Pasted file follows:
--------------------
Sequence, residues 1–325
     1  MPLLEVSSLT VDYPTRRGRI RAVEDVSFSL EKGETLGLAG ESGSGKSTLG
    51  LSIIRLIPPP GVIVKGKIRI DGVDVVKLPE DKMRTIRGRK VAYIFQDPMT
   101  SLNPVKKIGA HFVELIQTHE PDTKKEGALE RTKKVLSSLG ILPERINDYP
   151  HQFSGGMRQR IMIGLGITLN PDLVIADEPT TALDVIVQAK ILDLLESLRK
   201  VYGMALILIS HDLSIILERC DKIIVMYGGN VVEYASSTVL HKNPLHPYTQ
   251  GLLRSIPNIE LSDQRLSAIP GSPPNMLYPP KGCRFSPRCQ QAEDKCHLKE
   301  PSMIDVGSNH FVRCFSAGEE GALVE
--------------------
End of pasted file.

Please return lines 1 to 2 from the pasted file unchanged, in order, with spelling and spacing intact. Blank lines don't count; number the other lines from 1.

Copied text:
Sequence, residues 1–325
     1  MPLLEVSSLT VDYPTRRGRI RAVEDVSFSL EKGETLGLAG ESGSGKSTLG